Energy using appliances, Consumer goods

What is it? ihopa offers neighbourhood sharing boxes for tools for different purposes (e.g., kitchen tools, bicycle repair, crafts). The toolboxes can be accessed by locals who take out an item and return it when no longer needed. ihopa offers boxes for neighbourhood associations specifically or for the broader general public.

Why is this important? Every good that is produced requires the input of precious resources, including energy and water, and also creates waste in the process. The continuous consumption and use of resources means that many societies consume resources at a quicker rate than they can be renewed by the planet. Sweden, as a high-income country, has a high rate of consumption and demand for new resources, meaning that they consume at a rate that would require four planet Earths (Earth Overshoot Day, 2022). Sharing items might lower demand to buy new while increasing the use of the existing item throughout its lifetime.

Main resource strategy: Narrowing the loop by enabling higher use rates of items through renting them out rather than individuals buying them.

Other resource strategies: Slowing the loop through renting out high-quality goods and maintaining them to keep them in use for longer.

Business model aspects:

  1. Value Proposition: ihopa offers neighbourhood toolboxes that can be shared by either selected members of a neighbourhood association or be open to sharing with the general public (ihopa, 2022c). Currently, the company focuses on customers in Sweden, specifically offering boxes in the Stockholm area. They market their boxes to real estate, building owner associations and commerce, such as shopping malls (ihopa, 2022a).
  2. Value Creation & Delivery: Working together with manufacturers like Husqvarna (Sting, 2021a), ihopa’s neighbourhood boxes are filled with a range of equipment from known brands with high quality, long-lasting products (ihopa, 2022a).
  3. Value Capture: ihopa charges monthly access fees to members of a neighbourhood box. Customers pay depending on the items they sign up for, with access to different tools through a ‘home package’ compared to the ‘Kitchen package’ or ‘Fun package’ (ihopa, 2022b).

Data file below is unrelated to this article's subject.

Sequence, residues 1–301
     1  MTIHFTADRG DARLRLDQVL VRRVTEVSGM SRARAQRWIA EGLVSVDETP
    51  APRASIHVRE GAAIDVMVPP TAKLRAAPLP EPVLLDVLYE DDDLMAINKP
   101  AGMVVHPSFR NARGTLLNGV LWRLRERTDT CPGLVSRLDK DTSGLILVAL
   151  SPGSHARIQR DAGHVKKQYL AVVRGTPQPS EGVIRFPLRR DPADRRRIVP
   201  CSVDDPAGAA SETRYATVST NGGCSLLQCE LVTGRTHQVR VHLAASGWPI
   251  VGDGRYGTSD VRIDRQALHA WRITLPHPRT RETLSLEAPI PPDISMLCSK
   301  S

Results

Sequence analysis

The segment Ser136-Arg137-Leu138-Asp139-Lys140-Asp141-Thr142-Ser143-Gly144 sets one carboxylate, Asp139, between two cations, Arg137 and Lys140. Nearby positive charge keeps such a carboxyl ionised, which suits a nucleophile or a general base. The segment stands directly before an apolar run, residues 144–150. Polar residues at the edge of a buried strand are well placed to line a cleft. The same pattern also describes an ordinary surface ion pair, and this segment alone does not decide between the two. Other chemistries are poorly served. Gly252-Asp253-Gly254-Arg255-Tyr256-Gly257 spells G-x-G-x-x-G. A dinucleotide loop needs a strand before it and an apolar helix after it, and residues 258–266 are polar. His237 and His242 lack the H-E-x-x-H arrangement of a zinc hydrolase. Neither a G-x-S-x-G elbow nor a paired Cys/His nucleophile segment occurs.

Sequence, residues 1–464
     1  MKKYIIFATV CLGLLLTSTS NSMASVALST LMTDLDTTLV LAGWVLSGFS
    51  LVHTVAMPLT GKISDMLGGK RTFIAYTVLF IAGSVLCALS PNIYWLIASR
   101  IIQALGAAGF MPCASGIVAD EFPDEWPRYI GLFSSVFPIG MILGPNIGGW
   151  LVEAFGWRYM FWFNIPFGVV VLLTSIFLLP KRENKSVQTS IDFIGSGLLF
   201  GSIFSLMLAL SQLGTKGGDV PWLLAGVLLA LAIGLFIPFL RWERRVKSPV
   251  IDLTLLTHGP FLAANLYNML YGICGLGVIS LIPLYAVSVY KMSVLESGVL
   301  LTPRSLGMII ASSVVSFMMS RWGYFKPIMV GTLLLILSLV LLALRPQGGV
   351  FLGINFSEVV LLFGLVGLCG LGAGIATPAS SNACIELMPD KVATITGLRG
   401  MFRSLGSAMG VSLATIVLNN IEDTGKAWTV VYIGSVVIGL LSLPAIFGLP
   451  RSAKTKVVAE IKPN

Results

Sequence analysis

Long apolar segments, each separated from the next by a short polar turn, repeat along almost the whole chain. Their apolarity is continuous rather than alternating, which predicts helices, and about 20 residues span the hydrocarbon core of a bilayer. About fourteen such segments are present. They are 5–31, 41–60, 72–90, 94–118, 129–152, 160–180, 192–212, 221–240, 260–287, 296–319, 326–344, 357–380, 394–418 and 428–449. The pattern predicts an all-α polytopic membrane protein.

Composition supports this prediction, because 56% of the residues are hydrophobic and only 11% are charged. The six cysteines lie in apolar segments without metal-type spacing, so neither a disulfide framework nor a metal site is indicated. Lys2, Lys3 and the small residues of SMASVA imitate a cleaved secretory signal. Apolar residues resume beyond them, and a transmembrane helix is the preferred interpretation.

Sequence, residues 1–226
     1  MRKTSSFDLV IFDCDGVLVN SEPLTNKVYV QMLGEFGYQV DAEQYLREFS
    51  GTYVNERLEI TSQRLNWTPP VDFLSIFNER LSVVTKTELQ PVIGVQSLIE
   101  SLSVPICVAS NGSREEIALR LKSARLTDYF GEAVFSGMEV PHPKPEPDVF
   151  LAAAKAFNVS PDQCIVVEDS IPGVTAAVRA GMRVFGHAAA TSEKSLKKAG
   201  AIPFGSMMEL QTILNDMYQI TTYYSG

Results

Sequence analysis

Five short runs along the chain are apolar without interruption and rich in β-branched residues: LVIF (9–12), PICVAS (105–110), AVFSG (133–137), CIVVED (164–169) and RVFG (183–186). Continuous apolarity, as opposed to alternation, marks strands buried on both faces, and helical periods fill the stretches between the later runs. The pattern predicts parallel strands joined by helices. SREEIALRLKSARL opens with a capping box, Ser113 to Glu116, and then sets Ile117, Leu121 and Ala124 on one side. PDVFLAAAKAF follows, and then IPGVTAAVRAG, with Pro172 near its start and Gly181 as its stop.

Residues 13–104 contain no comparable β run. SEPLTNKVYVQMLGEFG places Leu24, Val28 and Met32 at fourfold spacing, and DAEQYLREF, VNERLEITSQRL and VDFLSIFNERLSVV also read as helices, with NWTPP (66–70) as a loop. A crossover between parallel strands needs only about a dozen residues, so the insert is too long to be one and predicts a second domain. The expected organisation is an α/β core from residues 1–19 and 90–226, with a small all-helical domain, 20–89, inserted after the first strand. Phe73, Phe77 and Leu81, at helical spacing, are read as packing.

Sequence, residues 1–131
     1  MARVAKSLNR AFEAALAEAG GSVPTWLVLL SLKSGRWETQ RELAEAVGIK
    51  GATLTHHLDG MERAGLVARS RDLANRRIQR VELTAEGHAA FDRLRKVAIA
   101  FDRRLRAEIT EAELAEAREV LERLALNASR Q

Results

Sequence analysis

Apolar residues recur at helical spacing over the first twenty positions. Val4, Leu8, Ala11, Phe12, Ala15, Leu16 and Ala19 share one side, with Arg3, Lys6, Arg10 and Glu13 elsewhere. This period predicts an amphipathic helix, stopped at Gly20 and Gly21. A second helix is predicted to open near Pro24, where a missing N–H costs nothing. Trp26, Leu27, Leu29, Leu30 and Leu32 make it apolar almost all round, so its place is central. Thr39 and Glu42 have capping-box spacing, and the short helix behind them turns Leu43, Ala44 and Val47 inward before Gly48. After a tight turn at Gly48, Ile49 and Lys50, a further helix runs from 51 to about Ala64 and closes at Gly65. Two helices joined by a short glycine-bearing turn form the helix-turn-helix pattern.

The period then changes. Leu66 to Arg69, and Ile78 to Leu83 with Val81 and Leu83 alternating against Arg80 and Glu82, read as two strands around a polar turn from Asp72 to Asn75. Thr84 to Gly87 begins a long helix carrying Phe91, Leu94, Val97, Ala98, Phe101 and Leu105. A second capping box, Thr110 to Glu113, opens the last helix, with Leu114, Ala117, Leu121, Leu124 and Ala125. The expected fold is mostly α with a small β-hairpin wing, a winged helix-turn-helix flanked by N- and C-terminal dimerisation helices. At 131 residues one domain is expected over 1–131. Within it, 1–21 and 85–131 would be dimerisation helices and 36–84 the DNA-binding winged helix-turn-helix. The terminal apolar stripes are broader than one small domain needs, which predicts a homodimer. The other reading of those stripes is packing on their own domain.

Strategies for degrowth/ sufficiency (based on sufficiency strategies from Niessen & Bocken, 2021):

  • No ownership: Through offering neighbourhood boxes to Swedish neighbourhoods, ihopa facilitates the use of items without owning them.

Business model experimentation practices: Initially, ihopa offered a platform to facilitate the co-buying and –owning of items. In spring 2021, they then launched the concept of neighbourhood boxes, together with tool manufacturer Husqvarna (Sting, 2021a). As of June 2021, ihopa had launched ten neighbourhood boxes in the larger Stockholm area (Sting, 2021b).

Sustainability outcomes: ihopa estimates that if 20 people use an item in their neighbourhood boxes in a year, it would suffice if two of these were deterred from buying a new item. By only stopping two people users from buying this item anew, ihopa expects an emission saving of around 50% (ihopa, 2022b).


Earth Overshoot Day (2022). How many Earths? How many countries?. Accessed 8 February 2022 at:

ihopa (2022a). Business partners. Accessed 8 February 2022 at:

ihopa (2022b). ihopa. Accessed 8 February 2022 at:

ihopa (2022c). Grannbox BRF. Accessed 8 February 2022 at:

Niessen, L., & Bocken, N. M. P. (2021). How can businesses drive sufficiency? The business for sufficiency framework. Sustainable Production and Consumption, 28, 1090-1103. doi:10.1016/j.spc.2021.07.030

Sting (24.03.2021 (a)). Husqvarna och Ihopa soeker grannskap foer test av ny delningstjaenst. Press release. Accessed 8 February 2022 at:

Sting (17. 06.2021 (b)). ihopa tar in capital foer att skala upp grannboxen. Press release. Accessed 8 February at:




About project Circular X 

Project Circular X is about ‘Experimentation with Circular Service Business Models’. It is an ambitious research project funded by the European Research Council (ERC) which supports top researchers from anywhere in the world. Project CIRCULAR X runs from 2020-2025. The project is led by Principal Investigator (PI) Prof Dr Nancy Bocken, who is joined by a multidisciplinary team of researchers at Maastricht Sustainability Institute (MSI), Maastricht School of Business and Economics, Maastricht University. The project cooperates with businesses who want to innovate towards the circular economy.  

Project Circular X addresses a new and urgent issue: experimentation with circular service business models (CSBMs). Examples of such new business models include companies shifting from selling products to selling services and introducing lifelong warrantees to extend product lifetimes. However, CSBMs are far from mainstream and research focused on experimentation is little understood. The research aims to conduct interdisciplinary research with 4 objectives:  

  1. Advancing understanding of CSBMs; their emergence and impacts  
  2. Advancing knowledge on CSBM experimentation  
  3. Developing CSBM experimentation tools 
  4. Designing and deploying CSBM experimentation labs 

Funding source  

This project has received funding from the European Research Council (ERC) under the European Union’s Horizon 2020 research and innovation programme, grant agreement No. 850159.   

Using this information 

When you cite this publication, please use the following source: 

Circular X. (2022) Case study: ihopa - Neighbourhood boxes as the 'Spotify' of stuff. Accessed from